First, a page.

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Journal American Rhododendron Society

Current Editor:
Dr. Glen Jamieson ars.editor@gmail.com


Volume 36, Number 3
Summer 1982

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The Indoor Growth Chamber
Mark Konrad, M.D., Sewickley, PA

       The indoor growth chamber described in this article is a unique structure which offers advantages to people interested in growing rhododendron seedlings. Temperature and humidity, two important necessities to young seedlings, are well controlled.
       The walk-in chamber is designed to hold three, uniform fiber glass trays measuring twenty by forty-eight inches. The trays are positioned on the sides and far end of the enclosure, thus leaving a small space for easy maintenance (See Figure 1). The overall size is approximately sixty-four inches wide, eighty-four inches long and seventy-seven inches high. Polyethylene film held in place by thumb tacks is draped over a framework of two by fours and is also hung over the doorway. The cost excluding fluorescent fixtures is well under a hundred dollars.

Interior of growth chamber.
Fig. 1. Photograph showing interior of growth chamber.
photo by Mark Konrad

       Large open trays of water are then placed beneath the benches which can also be constructed with plastic film over a wood framework edging. Next, the bench trays are filled with stones and water. Both of these increase the humidity and evaporation controls the heat. The temperature never goes above 74°F. with the lights on or below 68°F. with the lights off.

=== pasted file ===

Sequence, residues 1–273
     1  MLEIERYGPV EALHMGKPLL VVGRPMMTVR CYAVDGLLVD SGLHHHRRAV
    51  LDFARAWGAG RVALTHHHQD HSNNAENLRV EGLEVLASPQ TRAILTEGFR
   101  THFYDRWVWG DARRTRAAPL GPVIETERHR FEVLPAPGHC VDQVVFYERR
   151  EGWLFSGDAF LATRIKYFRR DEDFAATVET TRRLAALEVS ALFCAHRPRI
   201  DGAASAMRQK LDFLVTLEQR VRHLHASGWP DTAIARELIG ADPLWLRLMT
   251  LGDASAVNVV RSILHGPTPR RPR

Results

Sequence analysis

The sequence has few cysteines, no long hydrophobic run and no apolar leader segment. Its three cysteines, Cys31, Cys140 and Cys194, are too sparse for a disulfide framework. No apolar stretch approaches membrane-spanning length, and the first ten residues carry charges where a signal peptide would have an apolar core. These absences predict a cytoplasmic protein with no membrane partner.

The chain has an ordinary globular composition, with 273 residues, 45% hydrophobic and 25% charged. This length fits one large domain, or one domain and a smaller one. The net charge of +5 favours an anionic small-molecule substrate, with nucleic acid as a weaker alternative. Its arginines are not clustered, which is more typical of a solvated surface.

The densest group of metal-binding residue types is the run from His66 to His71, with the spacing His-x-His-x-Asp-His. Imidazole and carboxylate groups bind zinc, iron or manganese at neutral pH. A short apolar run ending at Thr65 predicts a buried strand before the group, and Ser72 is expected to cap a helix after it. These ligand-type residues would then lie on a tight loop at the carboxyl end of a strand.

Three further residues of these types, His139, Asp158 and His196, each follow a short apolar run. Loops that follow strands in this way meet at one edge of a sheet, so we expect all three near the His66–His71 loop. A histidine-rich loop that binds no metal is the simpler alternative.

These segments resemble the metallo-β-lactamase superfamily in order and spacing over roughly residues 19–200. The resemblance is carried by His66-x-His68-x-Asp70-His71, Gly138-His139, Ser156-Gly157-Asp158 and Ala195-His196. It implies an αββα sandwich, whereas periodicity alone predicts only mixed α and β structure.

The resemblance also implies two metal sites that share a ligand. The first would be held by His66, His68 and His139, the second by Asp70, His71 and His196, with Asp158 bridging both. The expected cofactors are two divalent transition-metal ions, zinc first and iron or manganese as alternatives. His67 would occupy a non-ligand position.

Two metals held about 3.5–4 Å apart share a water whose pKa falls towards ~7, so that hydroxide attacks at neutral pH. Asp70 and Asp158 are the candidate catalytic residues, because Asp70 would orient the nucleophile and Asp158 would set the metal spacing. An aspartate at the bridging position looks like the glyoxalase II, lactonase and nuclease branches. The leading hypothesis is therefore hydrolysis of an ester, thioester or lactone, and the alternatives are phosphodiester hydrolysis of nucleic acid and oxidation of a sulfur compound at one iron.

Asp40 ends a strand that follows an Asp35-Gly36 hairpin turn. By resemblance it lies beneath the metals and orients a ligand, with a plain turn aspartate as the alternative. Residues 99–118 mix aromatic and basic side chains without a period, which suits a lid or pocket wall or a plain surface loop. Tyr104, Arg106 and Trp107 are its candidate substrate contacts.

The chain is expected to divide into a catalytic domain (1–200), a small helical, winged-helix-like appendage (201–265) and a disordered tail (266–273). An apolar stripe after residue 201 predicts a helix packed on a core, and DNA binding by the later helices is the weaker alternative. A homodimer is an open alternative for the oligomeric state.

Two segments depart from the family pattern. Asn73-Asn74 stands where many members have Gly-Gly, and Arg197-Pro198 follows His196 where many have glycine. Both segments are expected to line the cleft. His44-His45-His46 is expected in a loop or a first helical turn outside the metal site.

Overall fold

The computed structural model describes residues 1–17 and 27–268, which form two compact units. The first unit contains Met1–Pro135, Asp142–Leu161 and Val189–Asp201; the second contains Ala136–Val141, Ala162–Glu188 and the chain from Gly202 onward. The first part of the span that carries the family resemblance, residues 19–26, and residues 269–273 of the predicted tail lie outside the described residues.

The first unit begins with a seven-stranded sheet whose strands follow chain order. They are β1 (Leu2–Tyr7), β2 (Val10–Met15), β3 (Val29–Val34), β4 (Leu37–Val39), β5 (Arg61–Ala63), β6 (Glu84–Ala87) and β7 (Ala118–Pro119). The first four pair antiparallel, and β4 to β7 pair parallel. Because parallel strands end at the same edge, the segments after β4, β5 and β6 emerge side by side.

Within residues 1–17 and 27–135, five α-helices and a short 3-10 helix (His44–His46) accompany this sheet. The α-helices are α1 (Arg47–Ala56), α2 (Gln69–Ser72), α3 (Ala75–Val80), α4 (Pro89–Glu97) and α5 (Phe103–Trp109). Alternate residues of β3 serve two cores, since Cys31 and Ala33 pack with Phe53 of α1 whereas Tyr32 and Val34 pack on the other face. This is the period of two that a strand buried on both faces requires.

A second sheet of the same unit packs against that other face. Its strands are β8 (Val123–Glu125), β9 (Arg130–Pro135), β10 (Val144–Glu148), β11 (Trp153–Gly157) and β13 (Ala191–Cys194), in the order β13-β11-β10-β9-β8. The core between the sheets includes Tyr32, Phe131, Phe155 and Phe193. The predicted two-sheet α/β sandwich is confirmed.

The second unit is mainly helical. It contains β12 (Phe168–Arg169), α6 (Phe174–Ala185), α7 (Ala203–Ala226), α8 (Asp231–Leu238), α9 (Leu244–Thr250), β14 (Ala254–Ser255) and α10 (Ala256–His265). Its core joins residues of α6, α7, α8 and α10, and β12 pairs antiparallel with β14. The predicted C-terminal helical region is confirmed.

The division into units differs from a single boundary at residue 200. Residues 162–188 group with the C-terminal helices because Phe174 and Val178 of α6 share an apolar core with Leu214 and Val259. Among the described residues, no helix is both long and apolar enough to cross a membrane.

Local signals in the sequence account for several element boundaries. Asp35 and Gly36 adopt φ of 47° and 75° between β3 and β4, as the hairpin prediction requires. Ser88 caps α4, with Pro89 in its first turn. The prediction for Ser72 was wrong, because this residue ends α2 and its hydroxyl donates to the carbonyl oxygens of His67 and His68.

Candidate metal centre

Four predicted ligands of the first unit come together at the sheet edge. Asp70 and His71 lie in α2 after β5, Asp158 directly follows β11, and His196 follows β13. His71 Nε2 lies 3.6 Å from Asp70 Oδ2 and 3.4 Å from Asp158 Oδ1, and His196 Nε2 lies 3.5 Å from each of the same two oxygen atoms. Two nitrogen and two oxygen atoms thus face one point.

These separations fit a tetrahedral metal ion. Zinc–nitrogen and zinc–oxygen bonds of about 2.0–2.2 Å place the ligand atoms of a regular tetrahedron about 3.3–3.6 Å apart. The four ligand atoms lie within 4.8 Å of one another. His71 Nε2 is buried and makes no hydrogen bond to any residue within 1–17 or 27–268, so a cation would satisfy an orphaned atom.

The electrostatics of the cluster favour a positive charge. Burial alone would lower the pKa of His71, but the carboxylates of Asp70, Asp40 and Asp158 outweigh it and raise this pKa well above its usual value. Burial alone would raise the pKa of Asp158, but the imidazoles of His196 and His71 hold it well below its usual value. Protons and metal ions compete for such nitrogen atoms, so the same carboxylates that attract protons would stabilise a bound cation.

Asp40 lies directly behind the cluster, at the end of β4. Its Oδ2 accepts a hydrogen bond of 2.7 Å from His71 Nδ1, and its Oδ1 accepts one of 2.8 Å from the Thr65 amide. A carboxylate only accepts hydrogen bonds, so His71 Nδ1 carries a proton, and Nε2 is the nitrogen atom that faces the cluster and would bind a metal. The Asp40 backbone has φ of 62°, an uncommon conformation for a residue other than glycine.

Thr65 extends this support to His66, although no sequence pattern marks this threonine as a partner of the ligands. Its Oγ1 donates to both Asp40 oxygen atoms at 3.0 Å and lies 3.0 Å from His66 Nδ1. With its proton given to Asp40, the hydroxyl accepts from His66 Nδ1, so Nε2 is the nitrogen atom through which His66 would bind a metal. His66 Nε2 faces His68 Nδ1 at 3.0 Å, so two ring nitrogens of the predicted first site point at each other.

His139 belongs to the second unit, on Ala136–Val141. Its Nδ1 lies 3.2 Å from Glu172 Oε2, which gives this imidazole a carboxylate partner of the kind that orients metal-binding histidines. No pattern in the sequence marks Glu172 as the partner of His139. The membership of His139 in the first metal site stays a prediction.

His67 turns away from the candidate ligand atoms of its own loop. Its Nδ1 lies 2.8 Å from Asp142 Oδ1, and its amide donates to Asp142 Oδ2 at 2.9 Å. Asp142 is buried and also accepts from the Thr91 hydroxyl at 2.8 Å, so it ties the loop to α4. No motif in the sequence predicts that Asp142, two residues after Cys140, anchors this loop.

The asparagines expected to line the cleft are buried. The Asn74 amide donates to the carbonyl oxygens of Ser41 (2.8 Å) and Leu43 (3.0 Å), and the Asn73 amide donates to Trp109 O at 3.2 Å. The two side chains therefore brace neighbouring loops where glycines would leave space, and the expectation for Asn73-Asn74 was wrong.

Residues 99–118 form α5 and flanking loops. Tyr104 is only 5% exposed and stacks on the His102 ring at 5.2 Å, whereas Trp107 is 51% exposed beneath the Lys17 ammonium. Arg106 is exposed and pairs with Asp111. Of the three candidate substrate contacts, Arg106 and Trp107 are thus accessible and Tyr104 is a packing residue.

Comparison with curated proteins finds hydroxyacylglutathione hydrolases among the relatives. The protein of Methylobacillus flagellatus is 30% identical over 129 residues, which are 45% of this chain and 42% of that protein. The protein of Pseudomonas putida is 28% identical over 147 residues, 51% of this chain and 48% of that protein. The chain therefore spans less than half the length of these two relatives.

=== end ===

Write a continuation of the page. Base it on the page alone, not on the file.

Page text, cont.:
One daylight and one General Electric Wide Spectrum bulb are used in each, forty-eight inch, fluorescent fixture. The lights are placed about two feet above the plants, but the exact height may depend upon particular growing needs. Since the plants are exposed directly to the artificial light, this could represent an additional advantage for growth.
       Surprisingly, a large number of seedlings can be started with this method because each tray holds twenty-four, five-inch azalea pot saucers. After germinating on milled sphagnum moss, seedlings are transplanted to the saucers and mature in a relatively sterile, porous medium including Canadian peat moss, milled sphagnum moss and perlite. It is not essential to use a fan for air circulation, but it may become necessary if unsterile ingredients are added to the mix. (See Figure 2).

Seedlings approximately 100 days old.
Fig. 2. Photograph showing seedlings
approximately 100 days old.
photo by Mark Konrad

       Because of the small size of the chamber, carbon dioxide exhaled within the chamber might be of additional value. Being indoors, there is no need to heat the chamber and a convenient basement location eliminates any possibility of utility failure which can occur during adverse weather.
       This structure approaches the function of growth chambers which are designed to control the environment. For the person interested in this exciting work, a growth chamber such as the one described may be an ideal solution in controlling the degree of involvement especially for those who find it necessary to ration their time.


Volume 36, Number 3
Summer 1982

DLA Ejournal Home | QBARS Home | Table of Contents for this issue | Search JARS and other ejournals